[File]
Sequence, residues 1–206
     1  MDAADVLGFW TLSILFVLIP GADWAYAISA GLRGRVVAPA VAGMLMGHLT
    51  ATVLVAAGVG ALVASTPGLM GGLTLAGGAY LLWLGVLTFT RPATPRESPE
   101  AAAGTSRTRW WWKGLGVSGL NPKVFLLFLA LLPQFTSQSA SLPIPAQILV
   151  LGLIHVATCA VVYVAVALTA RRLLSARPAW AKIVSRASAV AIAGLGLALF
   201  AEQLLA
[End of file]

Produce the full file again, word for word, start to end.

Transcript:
Sequence, residues 1–206
     1  MDAADVLGFW TLSILFVLIP GADWAYAISA GLRGRVVAPA VAGMLMGHLT
    51  ATVLVAAGVG ALVASTPGLM GGLTLAGGAY LLWLGVLTFT RPATPRESPE
   101  AAAGTSRTRW WWKGLGVSGL NPKVFLLFLA LLPQFTSQSA SLPIPAQILV
   151  LGLIHVATCA VVYVAVALTA RRLLSARPAW AKIVSRASAV AIAGLGLALF
   201  AEQLLA